Articles on Cancer

Testosterone Prevents Breast Cancer

Saturday, September 24th, 2016

A large study published in 2013 reveals a markedly reduced incidence of breast cancer in women treated with testosterone compared to women who received no hormone replacement therapy. (Glaser et al, Maturitas 2013)

Woman in Park1268 women were enrolled in the study, with average follow-up of five years. Treatment was provided with testosterone pellets implanted under the skin of the buttock or abdomen under local anesthesia, repeated every 3-4 months. About half of the implants contained testosterone alone, while the rest included anastrozole as well. Anastrozole blocks the conversion of testosterone into estrogen, offering added safety.

The incidence of breast cancer in the testosterone-treated group was only half that of women who did not receive hormones.

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Niacinamide Reduces Skin Cancer

Sunday, September 27th, 2015

NiacinamideBasal cell and squamous cell skin cancers are by far the most common type of cancer. They are rarely lethal, but the surgery or radiation required to treat them can be deforming, painful, and expensive. More than 2 million Americans are diagnosed with skin cancer yearly. Sun exposure is a primary risk factor, so people living in California are especially susceptible.

A recent Australian study, presented at a meeting of the American Society of Clinical Oncology, revealed a 25% reduction in the incidence of basal and squamous cell cancers in patients taking niacinamide, 500 mg twice a day.

Niacinamide is a form of niacin, or vitamin B3, that does not cause itching or flushing of the skin. Benefits in skin cancer reduction were seen within the first 3 months of treatment. The benefit was lost when niacinamide was discontinued. In addition, niacinamide reduced the incidence of actinic keratosis, a precancerous lesion, by 15%.

If you have had skin cancer or actinic keratosis, are fair-skinned or spend a lot of time in the sun, consider taking niacinamide 500 mg twice a day, indefinitely. There are no side effects.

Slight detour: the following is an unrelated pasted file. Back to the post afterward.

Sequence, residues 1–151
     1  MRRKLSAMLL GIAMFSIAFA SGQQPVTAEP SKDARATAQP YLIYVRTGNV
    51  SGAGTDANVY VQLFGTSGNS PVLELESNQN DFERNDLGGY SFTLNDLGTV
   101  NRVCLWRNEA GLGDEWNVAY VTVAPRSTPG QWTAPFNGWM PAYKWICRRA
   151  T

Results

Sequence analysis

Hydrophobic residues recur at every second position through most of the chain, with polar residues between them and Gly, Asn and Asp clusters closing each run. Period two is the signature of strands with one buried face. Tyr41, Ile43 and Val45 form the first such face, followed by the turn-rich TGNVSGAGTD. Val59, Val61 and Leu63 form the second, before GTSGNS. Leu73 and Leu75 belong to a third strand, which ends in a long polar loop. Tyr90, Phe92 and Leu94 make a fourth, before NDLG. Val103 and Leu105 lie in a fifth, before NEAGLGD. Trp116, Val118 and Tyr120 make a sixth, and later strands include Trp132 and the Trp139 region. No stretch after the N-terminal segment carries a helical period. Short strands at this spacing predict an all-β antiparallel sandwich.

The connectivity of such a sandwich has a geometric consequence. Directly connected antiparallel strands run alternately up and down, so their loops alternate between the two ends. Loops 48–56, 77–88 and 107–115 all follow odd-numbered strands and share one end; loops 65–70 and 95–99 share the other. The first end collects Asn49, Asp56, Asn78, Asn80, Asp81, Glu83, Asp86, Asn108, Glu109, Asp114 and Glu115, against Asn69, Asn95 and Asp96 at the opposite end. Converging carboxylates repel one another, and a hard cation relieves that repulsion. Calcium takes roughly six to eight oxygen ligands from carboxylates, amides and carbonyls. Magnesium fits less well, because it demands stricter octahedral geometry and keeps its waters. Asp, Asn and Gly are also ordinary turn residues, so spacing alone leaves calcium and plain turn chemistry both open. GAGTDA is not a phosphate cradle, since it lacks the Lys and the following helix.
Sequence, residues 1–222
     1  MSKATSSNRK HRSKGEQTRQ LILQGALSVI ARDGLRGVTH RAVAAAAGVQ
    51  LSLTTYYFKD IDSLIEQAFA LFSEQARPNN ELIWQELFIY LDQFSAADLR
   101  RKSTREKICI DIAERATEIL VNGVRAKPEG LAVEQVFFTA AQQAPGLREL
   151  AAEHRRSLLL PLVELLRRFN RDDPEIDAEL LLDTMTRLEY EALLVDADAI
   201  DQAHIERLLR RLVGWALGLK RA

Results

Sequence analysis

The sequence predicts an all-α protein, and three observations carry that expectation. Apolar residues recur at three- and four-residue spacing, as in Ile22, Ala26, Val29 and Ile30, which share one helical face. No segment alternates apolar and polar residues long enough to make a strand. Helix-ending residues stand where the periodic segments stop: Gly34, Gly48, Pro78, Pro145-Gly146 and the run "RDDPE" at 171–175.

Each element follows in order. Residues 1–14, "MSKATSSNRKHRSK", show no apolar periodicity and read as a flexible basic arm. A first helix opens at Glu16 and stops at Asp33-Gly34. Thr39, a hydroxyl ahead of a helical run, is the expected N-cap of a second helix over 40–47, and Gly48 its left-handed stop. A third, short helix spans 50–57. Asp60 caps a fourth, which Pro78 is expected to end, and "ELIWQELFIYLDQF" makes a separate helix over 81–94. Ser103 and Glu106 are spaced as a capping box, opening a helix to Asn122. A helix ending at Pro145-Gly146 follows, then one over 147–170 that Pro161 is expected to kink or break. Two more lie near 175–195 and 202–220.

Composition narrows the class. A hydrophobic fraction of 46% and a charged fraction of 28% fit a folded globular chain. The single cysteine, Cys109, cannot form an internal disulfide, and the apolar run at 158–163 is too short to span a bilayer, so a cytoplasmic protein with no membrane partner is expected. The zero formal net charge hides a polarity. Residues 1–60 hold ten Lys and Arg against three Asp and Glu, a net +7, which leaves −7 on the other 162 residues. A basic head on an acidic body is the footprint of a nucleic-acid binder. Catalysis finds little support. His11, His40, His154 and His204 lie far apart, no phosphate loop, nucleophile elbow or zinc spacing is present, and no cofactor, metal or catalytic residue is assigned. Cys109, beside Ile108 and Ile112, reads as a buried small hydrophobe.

Allan Sosin, MD

Prostate Cancer – You Can Live With It

Wednesday, February 4th, 2015

Cancer is the uncontrolled growth of cells that impair normal body functions, leading to disability or death. Most people, including doctors, believe that cancers should be cut out if possible. Some surgeries, such as removal of the breasts or ovaries, are performed even prior to a cancer diagnosis, with the assumption that cancer will otherwise occur.

Certain cancers, however, may linger in the body for years, never causing disability or death. Prostate cancer is one of these.

The chance of having cancer cells in the prostate increases with age. Put a percentage sign next to your age and you know the chance of having cancer within your prostate. So, a 70 year-old man has a 70% chance of cancer residing within his prostate. Most of these cancers are going nowhere. Prostate cancer is diagnosed in 200,000 men every year. Twenty-seven thousand men die yearly from prostate cancer, usually after at least 10 years of involvement. Thus, 90% of men with prostate cancer do not die from it.

PSA (prostate specific antigen) is a good screening blood test for prostate cancer. A level over 4 is abnormal, but does not mean cancer is present. PSA is also related to the size of the prostate, so a prostate gland that is twice normal in size, or more, will often cause the PSA to rise above normal. Inflammation of the prostate, usually from infection, may also raise the PSA. I have seen the PSA rise to 100 from infection alone, then fall to normal when the infection was treated.

Physical exam of the prostate via rectal exam is also informative. Prostate cancer may be felt as a nodule in the gland, or as hardening of the gland in one area.

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Mammography: Perhaps Not a Lifesaving Procedure

Monday, January 21st, 2013

MammogramA New England Journal of Medicine article casts doubt on the value of screening mammography in preventing death from breast cancer. (Effect of Three Decades of Screening Mammography on Breast-Cancer Incidence, November 22, 2012, pp 1998-2005).